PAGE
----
A circus artist helped older people and children develop their confidence and communicaton skills in workshops at Guy’s and St Thomas’ Hospital, writes Emma Gladstone.
When new staff begin at Dance Umbrella they inevitably bring fresh ideas with them. Last year, after Molly Sanders joined us as Creative Learning Producer, we looked again at how we ask our artists to engage with the public beyond their festival shows.
I have learnt that the things that seem most unlikely, unfashionable or even ridiculous are often the ones most worth pursuing
A form sent out with contracts was sharpened and expanded to include questions on whether they do post-show talks, public workshops, relaxed performances and more. It also included an ‘Any other suggestions’ space. The artists’ responses helped us frame more accurately our offers to venues, audiences, and what we might call ‘trade’.
Some artists also took us in new directions. French choreographer Satchie Noro runs a circus school in Paris, and regularly teaches in a range of environments. She responded saying she was interested in working with non-professionals in health and medical settings.
Molly knew the pioneering work of Breathe Arts Health Research, who have been designing arts and health interventions for several years and deliver a performing arts programme across Guy’s and St Thomas’ NHS Foundation Trust. She contacted former colleague Hannah Dye there to discuss options. A series of conversations began that ultimately enabled Satchie to lead two weeks of workshops prior to her festival performances last October.
One workshop was with the Older Person Assessment Unit’s Strength and Balance Class, with participants in their seventies and eighties. The other was with the Evelina Speech and Language Therapy Service, where the children taking part were aged between eight and 18.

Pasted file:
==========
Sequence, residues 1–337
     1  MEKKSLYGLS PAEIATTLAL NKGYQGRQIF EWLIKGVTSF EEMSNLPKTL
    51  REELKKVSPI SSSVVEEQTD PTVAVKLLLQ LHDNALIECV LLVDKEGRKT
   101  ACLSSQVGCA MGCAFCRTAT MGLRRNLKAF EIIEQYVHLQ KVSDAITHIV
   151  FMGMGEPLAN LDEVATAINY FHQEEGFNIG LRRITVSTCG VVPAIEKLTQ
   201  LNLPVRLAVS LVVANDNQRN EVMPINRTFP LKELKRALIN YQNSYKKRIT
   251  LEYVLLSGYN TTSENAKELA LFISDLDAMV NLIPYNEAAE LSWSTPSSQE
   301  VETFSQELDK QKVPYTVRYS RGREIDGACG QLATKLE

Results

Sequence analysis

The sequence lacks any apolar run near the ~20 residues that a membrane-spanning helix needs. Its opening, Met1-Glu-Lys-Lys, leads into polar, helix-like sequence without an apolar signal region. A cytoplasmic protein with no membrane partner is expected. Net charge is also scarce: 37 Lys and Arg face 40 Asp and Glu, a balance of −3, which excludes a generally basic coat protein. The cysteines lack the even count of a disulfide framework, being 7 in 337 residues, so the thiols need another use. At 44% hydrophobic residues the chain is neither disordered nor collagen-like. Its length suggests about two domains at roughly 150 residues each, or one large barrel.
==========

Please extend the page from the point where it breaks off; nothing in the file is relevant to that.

Both workshops took some time to arrange, and without doubt the expertise and connections of Breathe were crucial in helping us deal with the time-strapped health professionals who were keen to establish exactly what Satchie could offer their patients.
While there is considerable data and evidence already published on the benefit of dance in falls prevention work, when it comes to a connection between dance and speech therapy it is a little less obvious. However, I have learnt that the things that seem most unlikely, unfashionable or even ridiculous are often the ones most worth pursuing. So on we pushed.
In the end, Satchie delivered a week of activity in collaboration with both NHS teams, and thanks to our collaboration with Breathe she was able to invite two London-based musicians she regularly works with.
Hannah Dye, Strategy Manager at Breathe, said: “Not only did the programme have a positive impact on the patients taking part but the skills development for staff was a particularly strong outcome. Satchie’s experience of working within challenging healthcare settings was clear and her ability to generously bring patients and staff into her process was incredibly valuable.”
What did the children get from it? Well their energy, collaborative explorations and shared focus was clear. But most importantly, their openness to finding new ways to communicate with their peers through dance and music also shone through. Their confidence as a group flourished during the week, and the amazement from one of the speech and language therapists when she observed a session was the perfect outcome for us: “Wow, you’re trying to get them to stop talking and it’s my job to do the total opposite!”
Both groups have invited Satchie to return with her musicians, and it was clear from the feedback that the music had contributed significantly to the special work and atmosphere she created. Feedback also showed that:
- 95% of the older adults felt more confident.
- 98% of the young people experienced feeling part of a group.
- 100% of participants across both groups wanted to continue with a similar arts activity.
Alongside this, we have learnt three key things. First, to take our lead from the artists in what genuinely interests them as we devise the engagement programmes that are linked to the festival. This is not a startlingly new discovery, but I do think we are getting better at listening to what artists are already doing.
Secondly, I am reminded how great it is to work with creative learning producers who have enough optimistic determination to keep knocking on different doors until the right ones open. In this case it took travelling down a number of corridors and six months of conversations before the doors opened.
And finally, it is good to remember how important it is to work with those exceptional artists who see themselves firmly embedded in the world, and are aware of what power their life force and imaginations can bring to people. The connections with Breathe and the positive impact for the patients involved in both workshops could not have happened without Satchie’s exceptional artistry. No surprises there.